Now that we’ve gotten the “good” stuff out of the way, we need to have a serious talk about the loading times in Sniper: Ghost Warrior 3. To be blunt, they are fucking ridiculous. Every time you start up the game, or any time you travel between any of the three regions that make up the game’s setting, you’re looking at about a five-minute wait. Every. Single. Time. Yeah, let that sink in for a moment. I can understand if it’s the first time you’re loading into the title or one of the game’s regions, but this was a consistent issue throughout my 12-hour play through. This is simply unacceptable, and how this made it past QA is baffling. It is worth noting that, since launch, CI Games has acknowledged the issue and said they are working on an update that will hopefully alleviate the long load times. As of this writing, however, they are still a thing and they are incredibly annoying.
If the load times don’t drive you nuts, don’t worry, Sniper: Ghost Warrior 3 also features freezes, crashes, and my personal favorite, failure to render any enemies! While carrying out one of the 16 side-ops, I was tasked with providing cover for a small fire team infiltrating an enemy stronghold. I was perched up on a cliff, high above, while they were across the way from my location. As they moved through the complex, they reached a point where they asked me to eliminate an enemy overlooking their path from a balcony. There was an indicator on the screen showing where the enemy was supposed to be, but when I’d scope in on the marker, there was nobody there. I even tried firing a round at the marker, but nothing happened. I decided to move around to a different location, but the mission failed because I had left the designated sniping position. I loaded the last checkpoint, but once again, the target wasn’t there. I kept running around my small area of operation to get closer to no avail. Then, after leaving the area again and loading back in, he magically appeared…15 minutes later. This also happened during a few of the game’s “Points of Interest,” a mission type that tasks you with killing a small group of enemies holding civilian prisoners. I’d kill the small team of rebels, and the game would tell me that I could free the prisoners, but when I tried to it wouldn’t let me. The game continued to note that not all the threats had been eliminated. Huh? I ran around looking for them, checked surrounding hills for snipers, but alas, no enemies. Sorry prisoners, I guess you’re screwed.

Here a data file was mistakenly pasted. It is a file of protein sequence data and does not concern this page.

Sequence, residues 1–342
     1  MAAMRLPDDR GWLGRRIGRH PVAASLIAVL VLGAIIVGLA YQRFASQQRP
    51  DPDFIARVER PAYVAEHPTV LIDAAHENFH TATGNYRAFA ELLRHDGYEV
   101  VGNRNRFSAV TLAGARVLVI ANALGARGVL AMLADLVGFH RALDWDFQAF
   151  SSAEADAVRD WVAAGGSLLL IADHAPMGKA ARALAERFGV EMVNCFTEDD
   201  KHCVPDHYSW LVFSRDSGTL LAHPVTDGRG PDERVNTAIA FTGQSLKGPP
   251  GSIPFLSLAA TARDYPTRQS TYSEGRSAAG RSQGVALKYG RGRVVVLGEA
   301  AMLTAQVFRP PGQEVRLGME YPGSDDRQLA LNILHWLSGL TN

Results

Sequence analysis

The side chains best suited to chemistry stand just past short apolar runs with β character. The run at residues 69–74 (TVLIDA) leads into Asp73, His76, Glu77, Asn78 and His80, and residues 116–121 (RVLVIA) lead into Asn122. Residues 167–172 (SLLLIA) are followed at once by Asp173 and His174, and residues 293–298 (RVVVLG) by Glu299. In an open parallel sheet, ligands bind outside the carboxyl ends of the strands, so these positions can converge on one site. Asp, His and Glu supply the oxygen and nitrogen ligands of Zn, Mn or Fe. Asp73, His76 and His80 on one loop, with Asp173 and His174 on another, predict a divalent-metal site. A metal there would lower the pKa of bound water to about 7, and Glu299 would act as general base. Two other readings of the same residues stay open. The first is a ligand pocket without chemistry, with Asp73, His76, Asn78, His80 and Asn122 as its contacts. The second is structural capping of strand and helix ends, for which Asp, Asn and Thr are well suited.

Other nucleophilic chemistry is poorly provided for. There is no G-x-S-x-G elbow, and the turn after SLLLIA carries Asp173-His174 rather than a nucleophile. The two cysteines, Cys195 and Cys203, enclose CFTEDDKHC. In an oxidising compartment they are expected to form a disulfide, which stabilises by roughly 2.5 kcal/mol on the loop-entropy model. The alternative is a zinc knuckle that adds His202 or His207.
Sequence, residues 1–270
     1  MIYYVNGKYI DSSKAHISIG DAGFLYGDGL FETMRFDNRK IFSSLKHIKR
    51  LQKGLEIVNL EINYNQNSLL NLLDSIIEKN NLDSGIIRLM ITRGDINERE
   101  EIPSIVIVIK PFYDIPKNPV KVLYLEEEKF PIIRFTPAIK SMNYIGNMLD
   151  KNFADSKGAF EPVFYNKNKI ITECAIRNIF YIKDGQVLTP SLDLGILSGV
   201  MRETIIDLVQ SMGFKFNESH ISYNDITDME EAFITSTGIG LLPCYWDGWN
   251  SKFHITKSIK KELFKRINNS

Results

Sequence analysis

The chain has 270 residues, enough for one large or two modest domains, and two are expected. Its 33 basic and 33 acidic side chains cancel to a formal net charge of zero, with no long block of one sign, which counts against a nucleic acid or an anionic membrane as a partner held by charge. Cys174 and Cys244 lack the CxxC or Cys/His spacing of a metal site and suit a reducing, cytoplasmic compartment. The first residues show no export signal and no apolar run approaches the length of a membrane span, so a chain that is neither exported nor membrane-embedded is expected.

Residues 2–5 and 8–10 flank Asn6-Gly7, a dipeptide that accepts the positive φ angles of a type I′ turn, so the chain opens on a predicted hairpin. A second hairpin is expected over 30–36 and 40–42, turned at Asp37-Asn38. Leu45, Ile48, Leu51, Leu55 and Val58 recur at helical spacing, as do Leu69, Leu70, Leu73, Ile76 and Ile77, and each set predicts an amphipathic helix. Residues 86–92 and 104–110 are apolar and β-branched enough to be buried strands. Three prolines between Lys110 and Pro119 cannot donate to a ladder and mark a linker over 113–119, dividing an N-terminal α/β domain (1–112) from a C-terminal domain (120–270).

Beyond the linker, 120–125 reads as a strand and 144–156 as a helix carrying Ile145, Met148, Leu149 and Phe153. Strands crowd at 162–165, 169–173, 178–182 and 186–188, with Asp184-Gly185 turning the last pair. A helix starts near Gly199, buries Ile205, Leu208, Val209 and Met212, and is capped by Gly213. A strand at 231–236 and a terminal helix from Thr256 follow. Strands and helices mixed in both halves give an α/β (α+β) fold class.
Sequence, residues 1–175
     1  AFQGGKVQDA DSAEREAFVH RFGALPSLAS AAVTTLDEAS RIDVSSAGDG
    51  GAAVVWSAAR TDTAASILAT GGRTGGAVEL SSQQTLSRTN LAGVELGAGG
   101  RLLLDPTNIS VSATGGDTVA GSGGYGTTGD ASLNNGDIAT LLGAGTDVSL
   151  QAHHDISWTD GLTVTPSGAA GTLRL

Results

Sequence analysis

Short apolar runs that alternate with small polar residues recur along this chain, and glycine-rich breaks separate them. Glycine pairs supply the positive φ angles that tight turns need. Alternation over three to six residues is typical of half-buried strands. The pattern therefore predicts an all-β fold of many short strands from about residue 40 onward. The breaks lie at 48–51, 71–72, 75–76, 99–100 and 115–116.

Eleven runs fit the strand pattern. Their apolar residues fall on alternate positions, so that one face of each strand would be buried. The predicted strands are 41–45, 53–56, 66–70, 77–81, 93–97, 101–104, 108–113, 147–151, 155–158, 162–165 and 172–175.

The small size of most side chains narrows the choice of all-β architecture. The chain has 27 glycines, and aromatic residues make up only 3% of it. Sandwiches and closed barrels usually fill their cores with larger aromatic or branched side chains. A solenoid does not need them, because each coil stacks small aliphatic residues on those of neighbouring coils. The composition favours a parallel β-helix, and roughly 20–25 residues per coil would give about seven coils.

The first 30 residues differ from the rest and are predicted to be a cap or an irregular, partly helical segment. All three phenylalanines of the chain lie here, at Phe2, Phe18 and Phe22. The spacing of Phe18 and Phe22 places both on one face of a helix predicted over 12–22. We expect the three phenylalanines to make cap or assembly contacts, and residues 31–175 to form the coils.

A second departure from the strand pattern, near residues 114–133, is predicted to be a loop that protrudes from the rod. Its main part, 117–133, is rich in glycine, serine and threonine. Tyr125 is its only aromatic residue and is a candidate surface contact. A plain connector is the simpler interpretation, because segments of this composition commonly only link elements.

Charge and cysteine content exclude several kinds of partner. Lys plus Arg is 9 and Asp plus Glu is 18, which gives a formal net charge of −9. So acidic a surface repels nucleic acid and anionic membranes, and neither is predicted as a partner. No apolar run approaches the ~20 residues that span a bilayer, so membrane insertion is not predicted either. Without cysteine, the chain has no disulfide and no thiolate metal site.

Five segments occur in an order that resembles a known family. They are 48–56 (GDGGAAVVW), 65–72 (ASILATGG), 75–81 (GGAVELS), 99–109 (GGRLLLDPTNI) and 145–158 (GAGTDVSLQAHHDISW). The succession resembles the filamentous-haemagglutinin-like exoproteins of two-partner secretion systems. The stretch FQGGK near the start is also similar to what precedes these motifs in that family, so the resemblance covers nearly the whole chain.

The biggest issue I encountered in the PC beta was major frame-rate issues, but thankfully (shockingly?), there isn’t any of that while playing on the PlayStation 4 Pro, which runs at a pretty consistent 30FPS. Visually speaking, Sniper: Ghost Warrior 3 won’t wow anybody — even in the most vibrantly colored areas — but the HDR lighting does add some pop to the image, especially during the day time. Sound is spacious, and the ambience throughout the different regions adds to the presentation nicely. Voice acting, on the other hand, ranges from mediocre to downright awful, which makes the convoluted story that much worse. And lastly, we can’t forget to address multiplayer; well, it’s not ready yet. Sniper: Ghost Warrior 3 will have a multiplayer component patched in at some point, but we’re not entirely sure when. Let’s just hope they address these current issues before adding anything multiplayer.
I really wanted to like Sniper: Ghost Warrior 3 considering how CI Games made the bold choice to change the series formula up completely in an attempt move the franchise forward and away from its awful predecessor. Early on, the story hinted at a tale much deeper than any Sniper Ghost Warrior game deserves, but it ultimately loses focus about halfway through and ends up nosediving in the final act. While the sniping mechanics are solid and the mission variety is admirable, the technical issues are a distraction, to the point where you may not even be able to finish a mission. With games like Sniper Elite 4 out there, as well as the much better Far Cry games that Sniper: Ghost Warrior 3 models itself after, it’s hard to recommend a game where the only memorable thing about it are its horrific load times.
Special thanks to the fine folks at Terminals by Evolve PR for providing a PlayStation 4 digital copy of Sniper: Ghost Warrior 3 for this review
- Sniping mechanics are well done
- Nice variety of story missions
- Lots of side quests and most wanted targets
- Technical issues
- Final act is incredibly lame
- Epic load times
- Multiplayer MIA at launch